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Three big-name hospitals stop publicly reporting some infection data

Consumer Reports News: October 24, 2011 06:08 AM

Three large hospital systems—Cleveland Clinic, Henry Ford in Detroit, and Parkview Health in Fort Wayne, Ind.—have stopped reporting data on hospital-acquired infections to the Leapfrog Group, a nonprofit organization in Washington, D.C., according to our updated hospital Ratings. That deprives consumers of important information on hospital safety.

John Santa, M.D., M.P.H., director of the Consumer Reports Health Ratings Center, says:

Consumers in Cleveland, Detroit, Fort Wayne, and other cities and towns in Ohio, Michigan, and Florida are less well informed today about hospitals in their communities than they were a few months ago.

Eileen Sheil, executive director of corporate communications for Cleveland Clinic, said that the hospital system stopped reporting to the Leapfrog group so it could focus its efforts on reports it makes to similar government-run databases. That includes one run by the Centers for Medicare and Medicaid Services (CMS) that all hospitals must now report to. “We are committed to safe, high-quality outcomes and transparency,” said Sheil.

But data submitted to CMS is not yet publicly available. And in our earlier analysis of brand-name hospitals, the Cleveland Clinic Health System appeared near the bottom of our Ratings on bloodstream infections, with a rate that was, overall, 41 percent worse than the national average, based on 2009 data from eight of its 11 hospitals.

Cleveland Clinic hospitals still do publicly report some information, such as surgical-site infection rates, to a state-run database. In that measure, five of its hospitals got our second highest rating. And in our previous study, two Cleveland Clinic hospitals—Euclid Hospital in Euclid, Ohio and Huron Hospital in Cleveland—performed very well in preventing bloodstream infections, reporting zero infections. But since they no longer report information on bloodstream infections, we don’t know if they have continued to perform as well in that measure.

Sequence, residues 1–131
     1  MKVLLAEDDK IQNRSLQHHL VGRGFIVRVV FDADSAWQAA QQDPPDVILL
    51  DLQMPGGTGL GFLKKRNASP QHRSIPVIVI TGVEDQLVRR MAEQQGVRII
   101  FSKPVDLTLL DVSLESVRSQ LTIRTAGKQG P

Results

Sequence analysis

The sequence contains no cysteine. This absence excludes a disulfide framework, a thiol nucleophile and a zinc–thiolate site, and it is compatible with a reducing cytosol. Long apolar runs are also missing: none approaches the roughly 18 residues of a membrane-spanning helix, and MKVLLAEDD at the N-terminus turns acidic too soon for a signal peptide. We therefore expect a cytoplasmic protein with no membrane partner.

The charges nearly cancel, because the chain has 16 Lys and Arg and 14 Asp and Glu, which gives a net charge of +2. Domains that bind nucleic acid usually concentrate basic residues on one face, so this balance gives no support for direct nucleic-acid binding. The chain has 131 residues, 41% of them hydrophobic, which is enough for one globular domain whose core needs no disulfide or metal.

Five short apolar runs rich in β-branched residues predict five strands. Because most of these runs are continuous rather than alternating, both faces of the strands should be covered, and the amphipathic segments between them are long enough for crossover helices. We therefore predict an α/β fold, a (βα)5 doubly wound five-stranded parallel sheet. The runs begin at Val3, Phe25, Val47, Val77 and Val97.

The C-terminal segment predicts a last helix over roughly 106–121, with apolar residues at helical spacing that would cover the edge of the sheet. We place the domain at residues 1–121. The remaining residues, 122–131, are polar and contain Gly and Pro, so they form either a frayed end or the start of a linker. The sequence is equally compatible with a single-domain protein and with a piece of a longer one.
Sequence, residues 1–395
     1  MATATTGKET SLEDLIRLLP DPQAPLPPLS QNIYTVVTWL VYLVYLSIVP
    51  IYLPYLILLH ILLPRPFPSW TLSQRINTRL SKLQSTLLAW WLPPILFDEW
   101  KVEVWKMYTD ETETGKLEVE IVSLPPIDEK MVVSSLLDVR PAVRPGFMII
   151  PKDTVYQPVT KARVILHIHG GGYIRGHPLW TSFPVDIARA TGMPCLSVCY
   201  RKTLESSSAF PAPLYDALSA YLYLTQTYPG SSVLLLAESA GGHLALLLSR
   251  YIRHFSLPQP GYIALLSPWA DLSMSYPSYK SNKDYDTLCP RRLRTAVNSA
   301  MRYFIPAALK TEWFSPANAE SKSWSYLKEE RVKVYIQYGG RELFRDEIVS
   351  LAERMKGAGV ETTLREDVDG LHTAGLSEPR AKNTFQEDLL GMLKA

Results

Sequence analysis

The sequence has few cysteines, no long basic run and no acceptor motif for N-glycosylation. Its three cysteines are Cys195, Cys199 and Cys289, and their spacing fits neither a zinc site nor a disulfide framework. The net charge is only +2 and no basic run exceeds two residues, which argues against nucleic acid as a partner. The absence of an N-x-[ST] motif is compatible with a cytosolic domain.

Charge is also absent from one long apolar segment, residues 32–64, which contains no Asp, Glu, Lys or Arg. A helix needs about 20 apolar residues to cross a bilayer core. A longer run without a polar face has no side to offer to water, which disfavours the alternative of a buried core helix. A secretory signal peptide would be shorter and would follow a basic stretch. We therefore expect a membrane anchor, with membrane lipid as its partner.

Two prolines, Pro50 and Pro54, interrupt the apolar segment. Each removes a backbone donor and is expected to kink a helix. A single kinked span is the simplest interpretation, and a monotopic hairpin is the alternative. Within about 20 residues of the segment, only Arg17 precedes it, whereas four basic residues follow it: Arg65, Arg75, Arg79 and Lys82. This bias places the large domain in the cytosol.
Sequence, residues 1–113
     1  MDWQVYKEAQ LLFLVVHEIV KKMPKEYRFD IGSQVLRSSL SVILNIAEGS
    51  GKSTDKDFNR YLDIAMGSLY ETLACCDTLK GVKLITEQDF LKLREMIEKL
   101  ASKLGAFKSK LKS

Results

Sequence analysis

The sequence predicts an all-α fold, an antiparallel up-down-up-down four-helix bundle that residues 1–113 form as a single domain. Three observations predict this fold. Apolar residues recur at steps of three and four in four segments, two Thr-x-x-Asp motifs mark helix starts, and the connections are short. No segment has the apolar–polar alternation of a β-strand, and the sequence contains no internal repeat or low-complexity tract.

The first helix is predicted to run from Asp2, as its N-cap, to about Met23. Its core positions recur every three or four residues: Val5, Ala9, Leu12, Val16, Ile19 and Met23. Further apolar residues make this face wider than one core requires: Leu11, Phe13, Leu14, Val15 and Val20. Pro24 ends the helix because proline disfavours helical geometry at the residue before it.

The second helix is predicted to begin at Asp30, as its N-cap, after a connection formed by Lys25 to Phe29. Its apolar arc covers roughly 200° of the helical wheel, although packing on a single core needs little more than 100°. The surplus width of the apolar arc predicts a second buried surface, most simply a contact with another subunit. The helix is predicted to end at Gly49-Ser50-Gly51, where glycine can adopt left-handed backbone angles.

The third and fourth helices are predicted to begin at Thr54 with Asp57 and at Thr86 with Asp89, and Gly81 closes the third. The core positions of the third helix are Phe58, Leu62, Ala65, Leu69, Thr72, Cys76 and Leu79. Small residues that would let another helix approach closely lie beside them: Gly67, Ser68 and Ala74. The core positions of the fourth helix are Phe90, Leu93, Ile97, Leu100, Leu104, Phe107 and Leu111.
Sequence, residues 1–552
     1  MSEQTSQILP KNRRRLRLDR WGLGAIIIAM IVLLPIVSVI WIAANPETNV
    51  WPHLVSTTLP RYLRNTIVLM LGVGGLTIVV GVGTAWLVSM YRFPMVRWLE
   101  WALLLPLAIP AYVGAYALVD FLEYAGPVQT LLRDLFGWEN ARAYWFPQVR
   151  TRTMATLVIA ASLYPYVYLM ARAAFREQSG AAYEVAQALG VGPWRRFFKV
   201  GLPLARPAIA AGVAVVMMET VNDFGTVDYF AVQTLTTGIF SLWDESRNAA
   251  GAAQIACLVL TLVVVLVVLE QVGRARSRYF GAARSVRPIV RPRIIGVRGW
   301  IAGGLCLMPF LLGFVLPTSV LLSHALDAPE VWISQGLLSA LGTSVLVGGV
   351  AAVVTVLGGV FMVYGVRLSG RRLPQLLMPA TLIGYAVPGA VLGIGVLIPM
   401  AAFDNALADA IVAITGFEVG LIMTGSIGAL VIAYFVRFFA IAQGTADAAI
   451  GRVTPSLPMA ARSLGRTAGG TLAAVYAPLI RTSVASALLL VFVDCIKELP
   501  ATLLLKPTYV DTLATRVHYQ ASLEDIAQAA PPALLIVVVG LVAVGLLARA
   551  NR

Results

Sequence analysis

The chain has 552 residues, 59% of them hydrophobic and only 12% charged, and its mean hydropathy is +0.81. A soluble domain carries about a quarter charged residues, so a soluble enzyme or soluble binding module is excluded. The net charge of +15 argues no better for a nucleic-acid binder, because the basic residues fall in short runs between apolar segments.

“What should consumers think when no information is provided?” asks Dr. Santa. “Cleveland Clinic still reports its bloodstream-infection rates on its website but it’s hard to find and difficult to compare to data from other sources. Cleveland Clinic is rightfully proud of the many positive reports on its care. But it should also be accountable for care that needs to be improved in some of its hospitals. And part of that accountability is to be transparent with patients when problems occur.”

It’s not just poor-performing hospitals that stopped reporting to the Leapfrog Group. Parkview Health got an average Rating in bloodstream infections in our last analysis of five of its hospitals in Indiana. And Henry Ford Health System was above average, based on data from five of its six hospitals in Michigan. “It’s a simple resource issue,” says William Conway, M.D., senior vice president and chief quality officer at Henry Ford. “Since we now have an increasing volume of reporting to CMS, I can’t afford duplicate reporting.”

“I’m sympathetic to the resource problems,” says Dr. Santa. “But I’m sympathetic to patients, too. They need as much information as they can to make informed choices when choosing a hospital.”

Many other hospitals, including teaching hospitals, also don’t make their data easily available to consumers.

Leah Binder, chief executive officer of the Leapfrog Group points out that much of the information hospitals report to her group differs from what they submit to CMS. Moreover, Binder says, “We don’t believe transparency is optional. We do believe that the variation in rates of these types of infections is significant and points to the need for increased, not decreased attention, from hospitals, and also from consumers.” She also praised hospitals that have continued reporting, including Detroit Medical Center hospitals and the University Hospitals in Cleveland.

For details, see our hospital Ratings, and our report on deadly bloodstream infections. In addition, see our advice on how to stay safe in the hospital.

Joel Keehn

   

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